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Lichtenberg Awarded 2010 Garfield Economic Impact Award

WASHINGTON—December 2, 2010—The 2010 Garfield Economic Impact Award was presented today to Frank R. Lichtenberg, PhD, of Columbia Business School. Research!America has presented this award since 2002, to recognize the outstanding work of economists who demonstrate how medical and health research impacts the economy. The award is supported by a grant from Merck & Co., Inc., and by the Eugene Garfield Foundation.

The 2010 award recognizes a study by Lichtenberg, published in the journal Economics of Innovation and New Technology. The study shows that new cancer drugs from 1968 to 2004 increased the life expectancy of American cancer patients by almost one year and that the cost of this additional year is less than $7,000 per patient, much lower than previous estimates of what Americans are willing to pay for an additional year of life.

"Greater life expectancy is the most important benefit that patients, and scientists, want to obtain from a new drug for cancer," said Lichtenberg. "That benefit, net of the drug's cost, represents the real value of cancer drug research investment."

Research!America's chair, former Congressman John Edward Porter (R-IL), said, "I congratulate Professor Lichtenberg on his outstanding work. He, like previous Garfield recipients, is building a base of evidence about the economic value of medical research and helping to measure the nation's return on our investment in medical and health research."

The 2010 Garfield Award was presented at the Hart Senate Office Building in Washington, DC, by Porter and Eugene Garfield, PhD, founding editor and president of The Scientist, and founding benefactor of the award. The ceremony was followed by a panel discussion featuring Lichtenberg; John Seffrin, PhD, CEO of the American Cancer Society; and former Garfield recipient Sherry Glied, PhD, assistant secretary for planning and evaluation at the U.S. Department of Health & Human Services. David Leonhardt, "Economic Scene" columnist for The New York Times, moderated the discussion. Senator Charles E. Schumer (D-NY) was the honorary congressional host.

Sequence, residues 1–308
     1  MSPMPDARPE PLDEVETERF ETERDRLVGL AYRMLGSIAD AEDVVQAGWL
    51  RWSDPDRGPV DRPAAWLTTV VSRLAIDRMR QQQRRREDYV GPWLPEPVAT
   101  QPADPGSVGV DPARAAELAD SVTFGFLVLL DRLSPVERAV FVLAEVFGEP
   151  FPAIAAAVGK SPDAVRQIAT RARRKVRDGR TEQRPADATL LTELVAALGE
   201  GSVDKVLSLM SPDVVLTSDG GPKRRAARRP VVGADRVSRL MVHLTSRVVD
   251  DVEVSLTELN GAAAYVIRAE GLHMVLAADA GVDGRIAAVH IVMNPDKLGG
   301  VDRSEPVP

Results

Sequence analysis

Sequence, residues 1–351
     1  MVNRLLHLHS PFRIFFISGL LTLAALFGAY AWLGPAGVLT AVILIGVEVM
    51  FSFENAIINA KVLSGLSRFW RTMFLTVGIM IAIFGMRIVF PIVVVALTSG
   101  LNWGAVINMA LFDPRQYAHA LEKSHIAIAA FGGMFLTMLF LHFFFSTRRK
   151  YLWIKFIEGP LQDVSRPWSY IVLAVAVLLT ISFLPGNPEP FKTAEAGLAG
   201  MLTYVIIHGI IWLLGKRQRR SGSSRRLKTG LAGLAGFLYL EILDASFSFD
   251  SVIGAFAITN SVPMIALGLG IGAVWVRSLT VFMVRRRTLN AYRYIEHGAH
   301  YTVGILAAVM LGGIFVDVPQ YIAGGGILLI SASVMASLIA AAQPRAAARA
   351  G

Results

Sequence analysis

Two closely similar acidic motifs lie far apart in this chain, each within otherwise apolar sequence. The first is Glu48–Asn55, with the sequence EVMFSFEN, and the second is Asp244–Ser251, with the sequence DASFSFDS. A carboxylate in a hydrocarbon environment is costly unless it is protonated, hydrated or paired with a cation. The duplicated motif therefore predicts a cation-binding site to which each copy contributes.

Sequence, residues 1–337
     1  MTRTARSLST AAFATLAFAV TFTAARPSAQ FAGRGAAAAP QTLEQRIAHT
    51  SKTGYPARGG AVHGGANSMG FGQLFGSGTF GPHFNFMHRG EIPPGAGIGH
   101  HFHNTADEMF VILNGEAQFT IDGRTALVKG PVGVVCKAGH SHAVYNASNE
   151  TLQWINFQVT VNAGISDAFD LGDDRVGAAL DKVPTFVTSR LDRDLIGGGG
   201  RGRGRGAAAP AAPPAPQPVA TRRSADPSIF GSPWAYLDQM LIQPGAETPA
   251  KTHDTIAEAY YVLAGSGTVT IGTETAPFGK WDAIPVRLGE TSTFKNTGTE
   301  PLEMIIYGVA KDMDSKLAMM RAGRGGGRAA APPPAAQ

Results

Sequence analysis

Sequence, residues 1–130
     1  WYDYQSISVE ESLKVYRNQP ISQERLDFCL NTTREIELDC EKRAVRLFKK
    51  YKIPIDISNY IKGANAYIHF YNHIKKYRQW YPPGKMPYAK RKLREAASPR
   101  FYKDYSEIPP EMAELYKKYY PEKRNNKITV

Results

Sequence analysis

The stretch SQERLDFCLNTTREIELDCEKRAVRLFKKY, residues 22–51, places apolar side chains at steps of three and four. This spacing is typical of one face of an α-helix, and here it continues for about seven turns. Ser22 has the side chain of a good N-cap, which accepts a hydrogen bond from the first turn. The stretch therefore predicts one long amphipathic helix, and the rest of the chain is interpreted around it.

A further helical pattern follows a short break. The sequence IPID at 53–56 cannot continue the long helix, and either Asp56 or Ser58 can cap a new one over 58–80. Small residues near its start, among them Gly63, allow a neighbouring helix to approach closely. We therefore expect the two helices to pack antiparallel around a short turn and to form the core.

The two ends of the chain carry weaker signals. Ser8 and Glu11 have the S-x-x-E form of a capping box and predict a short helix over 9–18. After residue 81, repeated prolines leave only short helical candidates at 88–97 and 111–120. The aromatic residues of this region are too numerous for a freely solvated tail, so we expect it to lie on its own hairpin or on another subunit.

Mary Woolley, president and CEO of Research!America, said, "We are pleased to honor Professor Lichtenberg, an exemplary economist whose pioneering work is advancing the field of economics and the understanding of the impact of medical research on the economy. I encourage other economists to follow his example and explore this very important but under-developed field."

About the 2010 Recipient

Lichtenberg is the Courtney C. Brown Professor of Business at Columbia Business School, Columbia University. His research has examined how the introduction of new technology arising from research and development affects the productivity of companies, industries and nations. He previously taught at Harvard University and the University of Pennsylvania and has worked for U.S. government agencies, including the Department of Justice and Congressional Budget Office. His articles have been published in numerous scholarly journals and general news outlets.

About Columbia Business School

Led by Dean R. Glenn Hubbard, the Russell L. Carson Professor of Finance and Economics, Columbia Business School is at the forefront of management education for a rapidly changing world. The school's cutting-edge curriculum bridges academic theory and practice, equipping students with an entrepreneurial mindset to recognize and capture opportunity in a competitive business environment. For more information, visit www.gsb.columbia.edu.  

About Research!America

Research!America is the nation's largest nonprofit public education and advocacy alliance working to make research to improve health a higher national priority. Founded in 1989, Research!America is supported by member organizations that represent the voices of 125 million Americans. Visit www.researchamerica.org. For more information on the Garfield Award, visit www.researchamerica.org/economicimpact_award.